Organizations help homeless balance cold, COVID-19 as 1st winter storm arrives

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Posted at 10:09 PM, Dec 31, 2020
and last updated 2020-12-31 23:45:58-05

KANSAS CITY, Mo. — With a winter storm forecast to usher Kansas City into 2021, organizations that help people experiencing homelessness are mobilizing and hoping for better days in the new year in battling increasing needs on multiple fronts.

"COVID is a danger, but the cold is also a danger," Eric Burger, executive director of Shelter KC, said. "People who have depression from mental health is a danger. All of these things, we're trying to deal with simultaneously."

Shelter KC is preparing to handle the increased need that comes with a winter storm in the forecast, a godsend for many people without a permanent residence.

"It's helped me dramatically," Shelter KC resident Mark Fowler said. "If not, I'd be freezing my butt off outside."

COVID-19 has created some extra challenges for Burger's team as well as other agencies that work to address homelessness.

"On one hand, we're trying to have more social distancing, which we've actually reduced numbers of beds and trying to create more space," Burger said. "Then, on the other hand, (we're) making sure no one is in an endangered situation."

Before the pandemic, Shelter KC would pack as many as 50 people in an overflow room if the need was great.

Now, the limit is 15 people, which has forced Shelter KC to get creative about using other rooms to give people a place to sleep.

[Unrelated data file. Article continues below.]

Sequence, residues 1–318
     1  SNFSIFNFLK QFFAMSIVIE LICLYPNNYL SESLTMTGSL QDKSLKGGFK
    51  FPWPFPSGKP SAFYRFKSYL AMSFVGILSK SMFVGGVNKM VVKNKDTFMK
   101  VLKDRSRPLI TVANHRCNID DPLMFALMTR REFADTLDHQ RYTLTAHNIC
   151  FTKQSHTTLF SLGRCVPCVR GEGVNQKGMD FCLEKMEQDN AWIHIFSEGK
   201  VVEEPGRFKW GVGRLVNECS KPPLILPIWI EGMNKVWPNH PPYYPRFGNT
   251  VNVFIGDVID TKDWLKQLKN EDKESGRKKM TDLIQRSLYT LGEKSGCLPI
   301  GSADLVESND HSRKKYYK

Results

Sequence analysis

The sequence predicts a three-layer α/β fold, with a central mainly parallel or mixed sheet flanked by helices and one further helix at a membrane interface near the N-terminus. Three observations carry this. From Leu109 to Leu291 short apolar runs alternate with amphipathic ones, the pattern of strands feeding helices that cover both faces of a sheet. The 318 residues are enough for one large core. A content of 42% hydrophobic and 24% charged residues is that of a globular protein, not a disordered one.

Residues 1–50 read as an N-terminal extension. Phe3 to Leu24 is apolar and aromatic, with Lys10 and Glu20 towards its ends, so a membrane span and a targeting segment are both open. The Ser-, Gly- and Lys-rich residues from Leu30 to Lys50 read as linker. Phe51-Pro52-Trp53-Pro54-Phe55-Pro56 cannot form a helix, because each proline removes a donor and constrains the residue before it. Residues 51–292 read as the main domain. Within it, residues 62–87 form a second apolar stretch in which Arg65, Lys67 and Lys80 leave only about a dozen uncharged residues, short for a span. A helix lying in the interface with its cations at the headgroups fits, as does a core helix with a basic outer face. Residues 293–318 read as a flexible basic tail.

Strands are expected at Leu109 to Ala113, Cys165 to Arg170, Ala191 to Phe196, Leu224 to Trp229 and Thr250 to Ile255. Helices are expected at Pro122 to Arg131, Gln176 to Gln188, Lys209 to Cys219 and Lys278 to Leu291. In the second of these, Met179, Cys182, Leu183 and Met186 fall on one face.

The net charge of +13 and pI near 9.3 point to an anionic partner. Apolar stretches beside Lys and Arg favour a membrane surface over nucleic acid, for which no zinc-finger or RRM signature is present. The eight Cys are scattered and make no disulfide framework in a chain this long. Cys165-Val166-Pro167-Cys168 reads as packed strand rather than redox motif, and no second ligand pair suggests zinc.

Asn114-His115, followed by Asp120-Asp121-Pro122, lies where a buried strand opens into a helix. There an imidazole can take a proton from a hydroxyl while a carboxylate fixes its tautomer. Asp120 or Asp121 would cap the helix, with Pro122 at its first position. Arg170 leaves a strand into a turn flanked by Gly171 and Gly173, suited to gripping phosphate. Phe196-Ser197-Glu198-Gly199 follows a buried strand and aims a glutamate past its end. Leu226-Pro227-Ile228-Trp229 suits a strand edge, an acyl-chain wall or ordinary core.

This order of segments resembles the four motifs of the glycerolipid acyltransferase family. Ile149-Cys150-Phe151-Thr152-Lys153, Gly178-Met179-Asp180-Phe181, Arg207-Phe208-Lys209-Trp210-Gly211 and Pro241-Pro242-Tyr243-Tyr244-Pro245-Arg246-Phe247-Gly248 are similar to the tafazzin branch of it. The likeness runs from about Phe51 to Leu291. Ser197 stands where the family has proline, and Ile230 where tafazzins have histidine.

Extra planning must go into spacing and proper sanitation. If it's not possible, the staff gets on the phone with another shelter to check for an open bed.

"We've kind of changed how we do our check-in so we know where our beds are at an earlier time, so our ability to communicate with City Union, ReStart, and even some of these overflow cold weather shelters has increased," Burger said.

Shelter KC still needs more donations of hats, gloves, warm clothes and hygiene products to respond to the influx.

Hope Faith Ministries, a homeless assistance campus, is also working on ways to expand services.

"We started to see people who were those one-paycheck-away people knocking on our door," Jaysen Van Sickle, executive director of Hope Faith, said. "What happens when that butterfly effect really ripples and hits us in the end?"

Hope Faith opened up a "village" outside made up of tents at the start of the pandemic to continue serving a record number of people. Now, those tents are heated.

Hope Faith is about to launch a new hotline that they hope will serve as a central location for people who are on the verge of homelessness.

A newly created team of people will answer the phones and help connect them with services. Even people who've never set foot in Hope Faith needing a shower, a mailing address or a meal may find assistance as a result.

"How can I help those people to keep the lights on, keep heat on and providing more emergency relief by way of funding or getting them connected to the right agencies?" Van Sickle said.

The pandemic changed operations but it also shined a light on the true need in Kansas City. These organizations hope the community will continue its support.